Utilitarianism is an ethical theory that says an action is morally right if it benefits the greatest number of beings with the greatest good. You determine what is right by calculating the amount of pleasure or suffering you think your actions may cause,
People may use utilitarianism equally to justify or condemn actions for animal rights.then the right action will be the one that gives most pleasure or least suffering to the majority concerned. Say some of your dinner guests are vegetarians and you wonder whether to serve roast pig. As a strict utilitarian you poll your guests beforehand. Five guests say no to pig and twenty-five guests say yes. Therefore you serve pig and bring pleasure to the majority of guests, hard luck for the pig and the six veggies.
Utilitarianism is not concerned with what you may think is your duty (deontology) or with how a virtuous person might act (virtue theory).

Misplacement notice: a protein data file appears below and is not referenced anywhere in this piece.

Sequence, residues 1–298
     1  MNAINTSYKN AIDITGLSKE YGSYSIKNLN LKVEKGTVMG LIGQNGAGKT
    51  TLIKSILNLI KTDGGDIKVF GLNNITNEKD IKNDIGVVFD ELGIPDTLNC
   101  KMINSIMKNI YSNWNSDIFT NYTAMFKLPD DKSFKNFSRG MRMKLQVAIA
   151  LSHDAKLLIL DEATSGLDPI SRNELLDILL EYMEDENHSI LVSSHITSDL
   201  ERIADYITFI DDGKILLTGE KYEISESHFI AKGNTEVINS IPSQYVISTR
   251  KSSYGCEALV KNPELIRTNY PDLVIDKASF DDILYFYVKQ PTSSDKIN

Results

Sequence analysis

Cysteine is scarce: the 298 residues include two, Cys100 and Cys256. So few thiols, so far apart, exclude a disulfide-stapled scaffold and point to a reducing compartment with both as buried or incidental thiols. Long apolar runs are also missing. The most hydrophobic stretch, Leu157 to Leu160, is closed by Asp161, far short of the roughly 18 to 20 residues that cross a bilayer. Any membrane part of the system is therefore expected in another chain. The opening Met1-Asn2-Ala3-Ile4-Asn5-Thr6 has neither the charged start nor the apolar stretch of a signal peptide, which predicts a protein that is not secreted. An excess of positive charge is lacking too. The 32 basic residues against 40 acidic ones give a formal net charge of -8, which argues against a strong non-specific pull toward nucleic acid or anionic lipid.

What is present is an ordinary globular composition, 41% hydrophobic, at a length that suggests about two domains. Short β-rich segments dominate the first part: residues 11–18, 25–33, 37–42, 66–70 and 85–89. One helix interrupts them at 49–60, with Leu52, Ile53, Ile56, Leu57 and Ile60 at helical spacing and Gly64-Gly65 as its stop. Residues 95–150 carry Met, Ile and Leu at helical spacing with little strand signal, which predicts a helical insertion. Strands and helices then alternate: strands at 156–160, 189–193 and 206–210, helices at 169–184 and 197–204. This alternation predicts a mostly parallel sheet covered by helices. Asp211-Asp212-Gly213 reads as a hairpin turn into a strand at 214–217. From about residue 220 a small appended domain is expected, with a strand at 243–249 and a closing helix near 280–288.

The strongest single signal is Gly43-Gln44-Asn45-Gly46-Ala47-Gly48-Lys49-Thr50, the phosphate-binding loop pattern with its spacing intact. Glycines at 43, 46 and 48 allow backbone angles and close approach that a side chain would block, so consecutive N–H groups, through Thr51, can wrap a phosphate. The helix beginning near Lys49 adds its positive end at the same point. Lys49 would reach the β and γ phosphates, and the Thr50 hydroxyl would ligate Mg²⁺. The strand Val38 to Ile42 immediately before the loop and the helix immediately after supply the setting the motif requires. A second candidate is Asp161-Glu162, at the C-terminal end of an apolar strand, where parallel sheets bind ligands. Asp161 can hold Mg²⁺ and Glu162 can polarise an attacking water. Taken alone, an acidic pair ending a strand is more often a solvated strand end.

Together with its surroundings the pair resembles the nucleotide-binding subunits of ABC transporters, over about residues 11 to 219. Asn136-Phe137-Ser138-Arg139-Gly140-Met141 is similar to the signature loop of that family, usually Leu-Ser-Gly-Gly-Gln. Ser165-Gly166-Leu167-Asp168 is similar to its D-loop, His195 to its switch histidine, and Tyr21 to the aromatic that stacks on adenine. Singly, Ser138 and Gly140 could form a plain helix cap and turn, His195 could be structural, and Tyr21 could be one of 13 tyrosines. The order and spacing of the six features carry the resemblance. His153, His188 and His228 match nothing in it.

Utilitarianism is concerned only with the consequences of actions and therefore is a consequentialist theory. (See the table 'Comparison of Consequentialism, Deontology & Virtue Ethics' in Chapter 2: Animal Ethics.)
Utilitarianism evolved in the 18th century and is most closely associated with British philosophers Jeremy Bentham (1748 - 1832) and John Stuart Mill (1808 - 1873). It is still a powerful theory widely applied in daily life. A utilitarian would argue that sacrificing the lives of a few is right if it can save the lives of many. Dropping the atomic bombs on Japan killed many people but the justification at the time was that it would save many more lives by ending the war quickly.
One of the strengths of Utilitarianism is its seeming objectivity. Utilitarianism ostensibly depends on objective criteria, not on metaphysical entities like God or possession of a soul telling you what...